In the United States, 1 in 3 crash deaths is caused by drunk driving, resulting in 1 death every 48 minutes. When so many people get behind the wheel after drinking too much, how can this be prevented? Recent research by the Center for Disease Control (CDC) shows how we can all take responsibility to prevent drunk driving fatalities.
According to the CDC, accidents and deaths caused by drunk drivers can be prevented with the following measures.
- Actively enforcing existing 0.08% blood alcohol content (BAC) laws, minimum legal drinking age laws, and zero tolerance laws for drivers younger than 21 years old in all states.
- Promptly taking away the driver’s licenses of people who drive while intoxicated.
- Using sobriety checkpoints.
- Putting health promotion efforts into practice that influence economic, organizational, policy, and school/community action.
- Using community-based approaches to alcohol control and DWI prevention.
- Requiring mandatory substance abuse assessment and treatment, if needed, for DWI offenders.
- Raising the unit price of alcohol by increasing taxes.
Areas for continued research:
- Reducing the illegal BAC threshold to 0.05%.
- Mandatory blood alcohol testing when traffic crashes result in injury.
- Case:Suing a family member for wrongful death.
Personal Responsibility and Community Involvement
Planning ahead is one of the most effective measures for preventing impaired driving. The CDC suggests:
- Prior to any drinking, designate a non-drinking driver when with a group.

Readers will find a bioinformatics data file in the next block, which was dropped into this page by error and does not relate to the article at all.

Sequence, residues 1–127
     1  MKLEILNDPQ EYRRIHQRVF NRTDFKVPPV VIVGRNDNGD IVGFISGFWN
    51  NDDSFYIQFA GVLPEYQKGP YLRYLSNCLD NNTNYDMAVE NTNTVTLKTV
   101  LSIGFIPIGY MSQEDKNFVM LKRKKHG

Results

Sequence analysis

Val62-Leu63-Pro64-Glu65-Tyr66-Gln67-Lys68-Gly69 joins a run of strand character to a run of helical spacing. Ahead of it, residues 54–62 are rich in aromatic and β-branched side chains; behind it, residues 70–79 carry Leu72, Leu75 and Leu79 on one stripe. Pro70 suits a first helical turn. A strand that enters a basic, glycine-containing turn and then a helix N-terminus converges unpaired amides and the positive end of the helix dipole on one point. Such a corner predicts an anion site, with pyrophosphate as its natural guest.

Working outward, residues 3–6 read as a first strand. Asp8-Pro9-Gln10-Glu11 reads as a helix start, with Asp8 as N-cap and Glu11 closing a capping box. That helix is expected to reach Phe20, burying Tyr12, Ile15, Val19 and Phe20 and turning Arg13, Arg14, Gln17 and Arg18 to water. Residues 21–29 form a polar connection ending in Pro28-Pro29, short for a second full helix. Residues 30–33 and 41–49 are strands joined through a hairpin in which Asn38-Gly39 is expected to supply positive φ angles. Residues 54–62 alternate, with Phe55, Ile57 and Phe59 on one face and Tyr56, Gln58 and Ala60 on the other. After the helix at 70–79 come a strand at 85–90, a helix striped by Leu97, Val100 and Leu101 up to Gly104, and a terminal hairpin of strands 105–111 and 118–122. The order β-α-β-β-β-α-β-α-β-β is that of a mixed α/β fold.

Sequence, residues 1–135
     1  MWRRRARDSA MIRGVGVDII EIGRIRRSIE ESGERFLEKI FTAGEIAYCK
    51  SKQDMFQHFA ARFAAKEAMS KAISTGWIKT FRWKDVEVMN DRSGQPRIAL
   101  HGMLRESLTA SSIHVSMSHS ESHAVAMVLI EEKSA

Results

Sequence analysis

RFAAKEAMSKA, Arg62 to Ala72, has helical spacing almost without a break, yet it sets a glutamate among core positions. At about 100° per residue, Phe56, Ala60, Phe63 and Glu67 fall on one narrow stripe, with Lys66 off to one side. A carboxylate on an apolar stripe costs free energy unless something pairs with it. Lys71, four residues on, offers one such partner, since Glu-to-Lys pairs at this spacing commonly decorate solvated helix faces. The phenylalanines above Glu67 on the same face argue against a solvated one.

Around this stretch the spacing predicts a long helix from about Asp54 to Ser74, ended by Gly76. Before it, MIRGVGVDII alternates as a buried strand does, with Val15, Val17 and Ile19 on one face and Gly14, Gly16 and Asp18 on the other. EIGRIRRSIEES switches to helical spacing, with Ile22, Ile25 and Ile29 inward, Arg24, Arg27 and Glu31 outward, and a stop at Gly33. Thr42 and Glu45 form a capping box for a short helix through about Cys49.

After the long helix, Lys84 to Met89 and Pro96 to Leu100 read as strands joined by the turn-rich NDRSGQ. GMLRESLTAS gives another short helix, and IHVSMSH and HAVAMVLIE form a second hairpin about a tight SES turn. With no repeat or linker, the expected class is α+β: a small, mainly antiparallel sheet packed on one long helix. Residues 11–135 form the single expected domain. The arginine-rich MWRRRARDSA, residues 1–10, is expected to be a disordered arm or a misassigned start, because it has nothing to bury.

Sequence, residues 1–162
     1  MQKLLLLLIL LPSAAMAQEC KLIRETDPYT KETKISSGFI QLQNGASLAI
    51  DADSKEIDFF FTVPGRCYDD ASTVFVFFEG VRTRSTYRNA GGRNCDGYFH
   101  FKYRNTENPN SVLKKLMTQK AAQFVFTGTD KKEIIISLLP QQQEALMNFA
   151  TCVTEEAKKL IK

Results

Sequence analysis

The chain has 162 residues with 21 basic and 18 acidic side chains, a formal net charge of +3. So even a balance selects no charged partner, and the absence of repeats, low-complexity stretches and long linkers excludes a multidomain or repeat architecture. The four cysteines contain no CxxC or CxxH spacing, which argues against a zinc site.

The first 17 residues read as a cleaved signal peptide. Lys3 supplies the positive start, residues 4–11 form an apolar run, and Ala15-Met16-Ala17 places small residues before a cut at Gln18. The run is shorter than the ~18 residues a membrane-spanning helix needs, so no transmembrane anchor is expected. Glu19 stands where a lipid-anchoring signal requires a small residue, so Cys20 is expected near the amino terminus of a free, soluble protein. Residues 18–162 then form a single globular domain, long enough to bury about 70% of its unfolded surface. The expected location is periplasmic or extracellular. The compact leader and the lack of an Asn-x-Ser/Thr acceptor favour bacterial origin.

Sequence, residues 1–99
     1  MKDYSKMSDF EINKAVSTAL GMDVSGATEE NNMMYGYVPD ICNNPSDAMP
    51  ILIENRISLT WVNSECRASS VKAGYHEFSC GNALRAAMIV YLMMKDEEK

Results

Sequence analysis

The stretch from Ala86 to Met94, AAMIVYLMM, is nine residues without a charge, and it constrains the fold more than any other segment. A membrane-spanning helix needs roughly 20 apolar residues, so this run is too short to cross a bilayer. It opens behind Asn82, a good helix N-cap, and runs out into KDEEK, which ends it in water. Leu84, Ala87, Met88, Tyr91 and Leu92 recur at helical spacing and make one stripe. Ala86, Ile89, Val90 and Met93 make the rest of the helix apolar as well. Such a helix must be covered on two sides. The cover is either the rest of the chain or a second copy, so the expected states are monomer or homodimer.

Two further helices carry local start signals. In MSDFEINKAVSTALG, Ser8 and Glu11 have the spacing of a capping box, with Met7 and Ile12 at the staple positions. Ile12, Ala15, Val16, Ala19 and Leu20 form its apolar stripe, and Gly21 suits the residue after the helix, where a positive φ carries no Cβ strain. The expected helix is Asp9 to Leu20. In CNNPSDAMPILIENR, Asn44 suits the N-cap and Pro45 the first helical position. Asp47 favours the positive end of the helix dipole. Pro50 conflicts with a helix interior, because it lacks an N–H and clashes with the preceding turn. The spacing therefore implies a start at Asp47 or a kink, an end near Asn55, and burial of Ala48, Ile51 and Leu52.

- Don’t let your friends drive impaired. Take their keys away.
- If you have been drinking, get a ride home or call a taxi.
- If you’re hosting a party where alcohol will be served, remind your guests to plan ahead and designate their sober driver; offer alcohol-free beverages; and make sure all guests leave with a sober driver.
Ultimately, driving after you have had too much to drink is not abot the traffic ticket, it’s a matter of individual responsibility. We consulted a local law firm and in most states, including North Carolina, the legal driving limit is .08%. So it is important to know how much you’re drinking and give yourself plenty of time for your blood alcohol level to drop before you get behind the wheel. To give you an idea of how much alcohol is in your drink and how it affects your blood alcohol content, use the helpful tool at B4UDrink.org. There are also mobile devices and apps that you can use on your smartphone so you can check your own BAC level to see if you are sober enough to get behind the wheel. Click here to read more about apps and devices for measuring BAC.
Good Lawyers like Joseph Dang is a personal injury lawyer who practices in San Diego, CA.
If you need additional help, than go to Heninger Garrison Davis LLC.